Mike Levy

'Chronicle' Just a GOP Front!

OK kids,

It's been nearly two months since it was revealed that the Downing Street Memo proves that Bush and Blair altered intelligence to support a preemptive war in Iraq, which, the last time I checked, is an impeachable offense.

Five hundred thousand Americans have signed a petition created by Rep. John Meyers to demand a congressional investigation. Ninety-four House members have signed on as well. More than 10,000 people a day visit, and yet the Chronicle has yet to do this subject service. What the fuck is going on with you guys?! Are you a secret front for the GOP? Grow some cojones, you pansies. I expect this from Fox News, but I've always considered you guys to hold the bar a bit higher. The emerging progressives in our government are counting on you, the progressives in media, to be their rallying support while they ask the tough questions they've been too scared to ask before.

Not that I'm questioning how you rate your journalistic priorities ... after all, that was an amazing cover story about frosting the other week. Way to go guys.

Your's truly,

Mike "Dub" Wainwright

[News Editor Michael King responds: We'd repeat to Mr. Dub what we've already published about the Downing Street Memo, but we pansies are too busy baking cakes – and, um, reporting on many other stories that he deems too trivial to note. Silly us. We have been attentive enough to note the difference between U.S. Rep. John Conyers, D-Michigan, and somebody named "Rep. John Meyers," who as far as we can tell doesn't exist. But when you're busy lecturing other "progressives" on their failings, you can't be bothered about such details. Other readers interested in the subject can refer to and other sites.]

Talking With the Man

Dear Editor,

The April 1 extra issue featured an article on how to talk to the police ["Keeping the Party Alive," The AC, April 1]. Best wisdom in 20-plus years of the Chronicle. It was tongue-in-cheek but, well, dead accurate.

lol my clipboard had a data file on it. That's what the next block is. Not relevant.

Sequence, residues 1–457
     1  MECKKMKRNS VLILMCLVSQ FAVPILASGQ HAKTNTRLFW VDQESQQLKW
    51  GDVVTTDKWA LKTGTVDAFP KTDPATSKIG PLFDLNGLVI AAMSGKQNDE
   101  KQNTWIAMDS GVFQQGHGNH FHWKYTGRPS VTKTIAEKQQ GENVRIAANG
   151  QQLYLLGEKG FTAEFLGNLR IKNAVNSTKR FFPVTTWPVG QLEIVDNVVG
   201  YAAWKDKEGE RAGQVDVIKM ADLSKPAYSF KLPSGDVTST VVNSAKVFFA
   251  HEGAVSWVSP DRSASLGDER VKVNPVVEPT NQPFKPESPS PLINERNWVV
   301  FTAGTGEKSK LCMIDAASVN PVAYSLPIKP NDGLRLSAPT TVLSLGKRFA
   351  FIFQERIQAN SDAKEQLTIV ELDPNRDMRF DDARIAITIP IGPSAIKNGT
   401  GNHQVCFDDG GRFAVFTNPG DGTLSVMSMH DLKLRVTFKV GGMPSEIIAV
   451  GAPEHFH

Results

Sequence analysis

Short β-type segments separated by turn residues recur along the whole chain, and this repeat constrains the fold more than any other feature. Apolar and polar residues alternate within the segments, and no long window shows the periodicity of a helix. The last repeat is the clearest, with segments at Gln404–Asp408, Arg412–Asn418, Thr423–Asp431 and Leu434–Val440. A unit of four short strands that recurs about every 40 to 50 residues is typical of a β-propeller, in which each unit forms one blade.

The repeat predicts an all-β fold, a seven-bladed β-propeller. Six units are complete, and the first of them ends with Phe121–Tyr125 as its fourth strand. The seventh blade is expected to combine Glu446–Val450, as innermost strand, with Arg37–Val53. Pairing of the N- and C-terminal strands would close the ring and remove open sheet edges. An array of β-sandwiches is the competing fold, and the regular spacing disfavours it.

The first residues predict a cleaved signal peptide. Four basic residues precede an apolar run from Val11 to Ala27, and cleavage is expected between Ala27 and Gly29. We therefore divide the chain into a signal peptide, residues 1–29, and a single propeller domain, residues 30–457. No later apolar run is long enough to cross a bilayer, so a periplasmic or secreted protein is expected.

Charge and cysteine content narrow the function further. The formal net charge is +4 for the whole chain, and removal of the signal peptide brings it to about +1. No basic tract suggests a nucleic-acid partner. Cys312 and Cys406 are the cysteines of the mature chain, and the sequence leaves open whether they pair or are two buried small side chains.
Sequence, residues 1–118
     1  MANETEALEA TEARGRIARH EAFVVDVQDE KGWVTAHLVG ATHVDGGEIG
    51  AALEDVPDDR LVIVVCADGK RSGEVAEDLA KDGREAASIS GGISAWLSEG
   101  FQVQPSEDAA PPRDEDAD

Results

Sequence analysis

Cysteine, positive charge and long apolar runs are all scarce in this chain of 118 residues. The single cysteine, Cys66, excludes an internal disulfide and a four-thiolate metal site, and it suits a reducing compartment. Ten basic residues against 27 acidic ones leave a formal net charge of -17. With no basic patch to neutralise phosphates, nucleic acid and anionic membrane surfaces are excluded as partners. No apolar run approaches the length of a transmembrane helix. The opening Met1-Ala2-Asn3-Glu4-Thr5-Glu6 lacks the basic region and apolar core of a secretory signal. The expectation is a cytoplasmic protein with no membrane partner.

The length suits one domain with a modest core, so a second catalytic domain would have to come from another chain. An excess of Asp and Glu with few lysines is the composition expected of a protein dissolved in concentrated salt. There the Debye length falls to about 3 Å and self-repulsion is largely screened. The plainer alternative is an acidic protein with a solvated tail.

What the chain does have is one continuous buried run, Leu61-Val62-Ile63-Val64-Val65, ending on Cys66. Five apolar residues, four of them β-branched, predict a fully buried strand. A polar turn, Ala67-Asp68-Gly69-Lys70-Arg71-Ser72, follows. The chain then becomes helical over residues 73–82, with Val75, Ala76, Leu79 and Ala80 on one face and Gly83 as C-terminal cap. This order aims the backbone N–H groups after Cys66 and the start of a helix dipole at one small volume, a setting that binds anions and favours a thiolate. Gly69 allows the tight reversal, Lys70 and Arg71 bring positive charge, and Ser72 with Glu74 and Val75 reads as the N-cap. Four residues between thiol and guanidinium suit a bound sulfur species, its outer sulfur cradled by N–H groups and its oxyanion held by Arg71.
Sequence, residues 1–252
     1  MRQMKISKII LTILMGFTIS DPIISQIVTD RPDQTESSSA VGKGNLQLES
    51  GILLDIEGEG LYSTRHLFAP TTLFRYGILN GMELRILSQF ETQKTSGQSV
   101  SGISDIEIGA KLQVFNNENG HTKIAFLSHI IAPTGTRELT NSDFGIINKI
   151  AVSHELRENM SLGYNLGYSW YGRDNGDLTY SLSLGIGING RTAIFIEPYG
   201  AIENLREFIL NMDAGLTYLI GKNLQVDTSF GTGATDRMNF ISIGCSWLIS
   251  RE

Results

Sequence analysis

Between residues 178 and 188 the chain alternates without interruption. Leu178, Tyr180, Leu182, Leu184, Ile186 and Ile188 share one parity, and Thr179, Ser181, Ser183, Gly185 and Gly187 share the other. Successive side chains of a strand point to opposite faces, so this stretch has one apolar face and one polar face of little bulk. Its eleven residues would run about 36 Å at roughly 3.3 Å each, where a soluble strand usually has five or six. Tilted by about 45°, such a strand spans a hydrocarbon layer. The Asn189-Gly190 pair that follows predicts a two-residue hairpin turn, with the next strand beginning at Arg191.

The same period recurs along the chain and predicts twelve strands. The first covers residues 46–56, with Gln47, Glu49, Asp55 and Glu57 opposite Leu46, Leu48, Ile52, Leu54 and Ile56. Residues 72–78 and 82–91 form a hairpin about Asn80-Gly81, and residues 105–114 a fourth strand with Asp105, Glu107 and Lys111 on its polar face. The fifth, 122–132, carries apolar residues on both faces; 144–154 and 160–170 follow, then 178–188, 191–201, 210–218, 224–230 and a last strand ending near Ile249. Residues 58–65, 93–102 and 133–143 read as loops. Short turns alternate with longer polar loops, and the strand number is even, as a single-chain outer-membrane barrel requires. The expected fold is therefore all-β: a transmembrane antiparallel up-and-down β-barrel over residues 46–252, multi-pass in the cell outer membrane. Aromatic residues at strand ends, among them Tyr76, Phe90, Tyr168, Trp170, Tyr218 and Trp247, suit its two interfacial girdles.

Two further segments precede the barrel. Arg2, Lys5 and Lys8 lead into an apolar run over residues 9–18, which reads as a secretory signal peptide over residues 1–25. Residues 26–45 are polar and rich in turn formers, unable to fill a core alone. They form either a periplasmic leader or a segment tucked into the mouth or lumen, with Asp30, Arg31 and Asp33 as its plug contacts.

Is it available online? Everyone should read this article. Maybe it could be available in each issue as a public service.

Learning to say "Yes sir, right away sir" could save precious lives.

Tamara Dwyer

[Editor's response: Yes, indeed it is available online. See for this article and for the entire issue.]

Linguistic Debate

Dear Editor,

In her review of the movie dot the i Marjorie Baumgarten says that Gael García Bernal's language is Portuguese ["Film Listings," June 17]. Hello, he was born and raised in Guadalajara, Mexico! Can we say that Nicole Kidman's native language is French when she was born in Honolulu and raised in Australia?! Also, the commonly used phrase in Spanish that means "I love you" is "te quiero" ... which does have an "I," though Marjorie blasts the movie for not making sense in that regard. Please ask Marjorie to research her facts more carefully, especially when related to other cultures and languages.

Antonio Brunner

[Marjorie Baumgarten replies: The character Bernal plays in dot the i comes from Rio de Janeiro, where the native language is Portuguese. The character speaks English in the movie. The actor indeed hails from from Mexico. Also, in Spanish the word for love is "amor," which does not contain the letter "I." All we are told in the movie is that a kiss is the dot over the letter "I" in the word love – a word that has no "I" in English, Spanish, or Portuguese.]

Levin Contemplates Levin

Dear Editor,

In regard to the article "Pro-Kim/Anti-Clarke Crowd Celebrates" [News, June 17], which was quite accurate overall, I'd like make a few points.